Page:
Wednesday, February 22, 2012

Angham | Bethib Meen

I found this CD many years ago, in the late 90s or early 00s, at a Syrian grocery store on 5th Avenue and 15th Street in Park Slope Brooklyn. Until I left Park Slope in late 2001 it was my favorite go-to place for Arabic pop--their selection was decent, if not exactly exhaustive, and the CDs were cheap: $5 a piece, or 5 for $20. Plus, the woman who ran the store was incredibly nice and, every time I stopped by, she'd make recommendations and quiz me on whatever she happened to be playing:

"You know who this is, right?"

"Umm, yeah ... Oum Kalsoum?"

"Very good! But, which song is it?"

She had a teenage daughter who hung out with her and, whenever I asked about this or that CD, if she didn't know the music herself, she'd ask her daughter if it was any good. I remember her daughter nodding emphatically if she liked this particular CD, Bethib Meen, by Egyptian superstar Angham.

Born into a creative family, Angham started her singing career under the wing of her father, who was a violin player and music producer. Bethib Meen, which came out in 1997, was the last CD she recorded with any help from her father. After 2001, her music became increasingly westernized.

Egyptian pop--or more specifically what I like to call, in this instance, Egyptian art pop--is some of the strangest music in the world. It has solid roots in classical Arabic music, but with tinges of western and other influence. In this CD, for instance, I swear to god, you'll hear ELO. (Yes, I mean the Electric Light Orchestra. Listen to the clip below if you don't believe me.)

Angham's voice is exquisite; there's a reason she is the most popular Egyptian female singer to have begun a career in the 80s. It had been, I admit, years since I'd listened to Bethib Meen, but when I was combing my shelves for something to post tonight after work, I pulled it down, gave it a listen, and was surprised at how terrific--and odd--it is. If you're new to Angham, or if you only know her work after 2001, I highly recommend giving this album a listen.

Listen to "Sallam Alay"

Get it here.


gilhodges said...

I know it's not a bodega, but have you ever been to Rashid Music Sales, on Court Street in Cobble Hill. I satisfied some major Oum Kalthoum fixes there. My old neighborhood. Sigh.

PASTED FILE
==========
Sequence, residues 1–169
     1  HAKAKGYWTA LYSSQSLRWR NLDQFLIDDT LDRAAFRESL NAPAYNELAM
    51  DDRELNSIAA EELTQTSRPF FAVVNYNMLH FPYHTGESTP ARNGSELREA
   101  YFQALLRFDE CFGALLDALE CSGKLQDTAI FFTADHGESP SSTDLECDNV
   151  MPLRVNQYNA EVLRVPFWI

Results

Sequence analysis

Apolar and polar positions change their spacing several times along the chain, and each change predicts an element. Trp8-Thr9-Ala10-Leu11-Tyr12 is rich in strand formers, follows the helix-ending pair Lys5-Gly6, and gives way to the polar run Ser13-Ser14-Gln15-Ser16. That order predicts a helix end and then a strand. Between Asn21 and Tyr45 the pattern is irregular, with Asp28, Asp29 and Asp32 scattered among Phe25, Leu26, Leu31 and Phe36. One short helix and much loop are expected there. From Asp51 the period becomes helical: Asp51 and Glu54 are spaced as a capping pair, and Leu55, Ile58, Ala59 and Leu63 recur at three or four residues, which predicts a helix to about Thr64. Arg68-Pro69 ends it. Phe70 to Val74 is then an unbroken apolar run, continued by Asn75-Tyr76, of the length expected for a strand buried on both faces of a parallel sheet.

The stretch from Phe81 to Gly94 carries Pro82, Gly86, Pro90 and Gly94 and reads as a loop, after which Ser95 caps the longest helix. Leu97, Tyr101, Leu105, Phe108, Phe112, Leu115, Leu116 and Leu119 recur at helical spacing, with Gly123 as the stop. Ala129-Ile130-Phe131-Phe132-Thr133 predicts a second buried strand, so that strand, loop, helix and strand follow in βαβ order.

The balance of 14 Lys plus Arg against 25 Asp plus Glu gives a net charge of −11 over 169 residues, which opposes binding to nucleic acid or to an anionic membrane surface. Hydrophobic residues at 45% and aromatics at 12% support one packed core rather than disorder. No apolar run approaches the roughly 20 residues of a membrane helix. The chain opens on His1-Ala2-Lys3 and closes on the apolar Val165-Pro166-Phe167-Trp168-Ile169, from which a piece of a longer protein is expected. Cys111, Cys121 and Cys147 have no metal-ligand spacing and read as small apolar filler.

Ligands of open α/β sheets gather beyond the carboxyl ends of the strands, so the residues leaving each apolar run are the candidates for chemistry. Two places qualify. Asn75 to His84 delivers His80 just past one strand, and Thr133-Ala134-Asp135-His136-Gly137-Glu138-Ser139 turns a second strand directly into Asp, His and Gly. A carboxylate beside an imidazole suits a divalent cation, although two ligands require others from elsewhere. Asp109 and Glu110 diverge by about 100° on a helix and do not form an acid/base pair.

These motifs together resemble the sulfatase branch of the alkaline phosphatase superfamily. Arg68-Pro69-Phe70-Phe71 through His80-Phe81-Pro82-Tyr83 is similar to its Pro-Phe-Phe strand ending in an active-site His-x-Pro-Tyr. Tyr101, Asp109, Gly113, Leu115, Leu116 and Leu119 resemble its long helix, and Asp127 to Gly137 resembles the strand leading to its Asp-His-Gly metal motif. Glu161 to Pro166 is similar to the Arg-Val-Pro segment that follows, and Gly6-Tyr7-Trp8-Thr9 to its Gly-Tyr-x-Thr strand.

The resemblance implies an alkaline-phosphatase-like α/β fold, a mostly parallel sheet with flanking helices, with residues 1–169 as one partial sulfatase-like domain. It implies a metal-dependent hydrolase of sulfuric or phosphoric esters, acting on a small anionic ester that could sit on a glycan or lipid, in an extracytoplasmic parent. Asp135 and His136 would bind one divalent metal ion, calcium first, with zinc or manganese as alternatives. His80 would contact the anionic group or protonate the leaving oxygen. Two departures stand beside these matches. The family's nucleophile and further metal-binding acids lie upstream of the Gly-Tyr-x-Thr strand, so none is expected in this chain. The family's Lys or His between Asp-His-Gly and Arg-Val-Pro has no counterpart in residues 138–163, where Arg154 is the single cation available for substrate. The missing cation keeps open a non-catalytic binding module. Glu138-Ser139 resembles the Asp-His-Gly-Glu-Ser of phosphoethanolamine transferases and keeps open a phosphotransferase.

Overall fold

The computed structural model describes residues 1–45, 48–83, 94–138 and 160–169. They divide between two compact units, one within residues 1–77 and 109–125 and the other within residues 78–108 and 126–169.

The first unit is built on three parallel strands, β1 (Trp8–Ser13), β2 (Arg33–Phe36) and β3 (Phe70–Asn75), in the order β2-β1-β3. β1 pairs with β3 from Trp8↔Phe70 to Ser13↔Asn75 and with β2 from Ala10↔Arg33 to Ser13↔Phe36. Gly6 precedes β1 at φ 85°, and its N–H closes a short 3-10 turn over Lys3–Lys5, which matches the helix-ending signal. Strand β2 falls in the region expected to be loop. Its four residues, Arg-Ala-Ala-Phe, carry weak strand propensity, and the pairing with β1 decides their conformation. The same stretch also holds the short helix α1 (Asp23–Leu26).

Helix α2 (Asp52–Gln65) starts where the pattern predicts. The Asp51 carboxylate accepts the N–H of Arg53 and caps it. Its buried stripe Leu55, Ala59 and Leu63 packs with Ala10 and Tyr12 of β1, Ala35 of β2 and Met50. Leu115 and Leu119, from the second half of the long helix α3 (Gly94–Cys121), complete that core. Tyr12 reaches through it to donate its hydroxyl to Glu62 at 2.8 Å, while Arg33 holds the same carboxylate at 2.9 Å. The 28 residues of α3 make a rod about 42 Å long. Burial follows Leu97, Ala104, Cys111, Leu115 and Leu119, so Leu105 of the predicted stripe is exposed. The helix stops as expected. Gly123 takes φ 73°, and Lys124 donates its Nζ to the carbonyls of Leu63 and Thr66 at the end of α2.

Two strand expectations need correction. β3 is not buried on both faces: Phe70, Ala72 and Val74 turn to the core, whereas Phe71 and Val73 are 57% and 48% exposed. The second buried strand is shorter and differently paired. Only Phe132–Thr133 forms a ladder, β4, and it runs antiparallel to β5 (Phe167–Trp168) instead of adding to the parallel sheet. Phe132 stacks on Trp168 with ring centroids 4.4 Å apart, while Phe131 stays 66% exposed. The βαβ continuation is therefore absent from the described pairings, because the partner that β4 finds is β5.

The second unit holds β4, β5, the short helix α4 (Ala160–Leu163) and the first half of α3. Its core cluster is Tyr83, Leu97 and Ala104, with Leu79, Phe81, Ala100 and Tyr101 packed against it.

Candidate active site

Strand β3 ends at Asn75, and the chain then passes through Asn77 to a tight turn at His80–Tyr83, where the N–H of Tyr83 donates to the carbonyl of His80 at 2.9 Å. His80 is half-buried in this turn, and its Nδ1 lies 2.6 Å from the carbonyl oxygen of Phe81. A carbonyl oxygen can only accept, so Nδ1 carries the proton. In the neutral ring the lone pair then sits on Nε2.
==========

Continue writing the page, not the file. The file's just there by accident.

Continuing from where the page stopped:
I am loving your offerings, Gary. Big love.

Hammer said...

Angham? Hmm, she's much mocked all around the Arab world for two specific reasons: one, her rabbit-buck teeth (she has a wall of it in her mouth), and two, trying to sound like Najat Assaghierah with all, ahem... gum and teeth.
Puns and jokes aside: her first album was a bit listenable 'cus it has a melodic, Arabeat 80's vibe, which oddly enough is witnessing a revival these days.

This is pop music after all.


Gary said...

Gil, I loved Rashid, but as far as I can tell, they closed a year or so ago--at least the store on Court Street. I think their website might still be active, though. I loved them. The woman who worked there was a big Najwa Karam fan and gave me a lot of feedback on a comics biography of her I was drawing back in the aughts. I miss them terribly.

Hammer, I admit that, post-2001, there isn't any Angham I feel strongly enough about to post here, but--whether or not she is mocked in the Arab world--she's incredibly popular and, IMHO, well worth listening to up to the millennium.

Hammer said...

That's correcto mundo, Mr. Gary. Still, almost all of her new-er/new-est songs are based on Spanish Flamenco (call it 'Fail-menco'), as much possibly as that lout called Amr Diab's music is.
Right here in the Arab world, people do listen to the classic masters like Umm Kalthoum.
By chance, I saw a new upload at washerman's dog IYKWIM AITYD, and it was a double-header for Umm Kalthoum and Fairuz. Prolly, this is old newspapers to most Arabs, but for someone who's ear-reared on schlockfest-y American pop and what-all... it's a good change.
I have nothing but respect for this blog that you keep 'ere: it's interesting, very cool, too.
Please, keep'em coming.
*on a hush-hush: jus' make them older a bit*

R E S P E C T.


Holly said...

I quite like this, Gary, thank you! And as a proud gap-toothed woman I have a special affinity for others with dental oddities ;-)

Gary said...

Holly, I'm guessing you must have seen Les Blank's film, yes?

I was thrilled that it included rare footage of one of my all-time favorite cartoonists: Dori Seda.

Holly said...


Yes, and yes! You've read the Dori interview in Incrediby Strange Music, yes?

Gary said...

Actually, I haven't read that interview; for some reason I never wound up picking up a copy of that book. (I feel like I should get it at some point, though, yeah?)

My Dori experiences are limited to having seen her in Blank's film and, before that, having picked up the Fantagraphics collection, Dori Stories: The Complete Dori Seda, one of my favorite books of all time.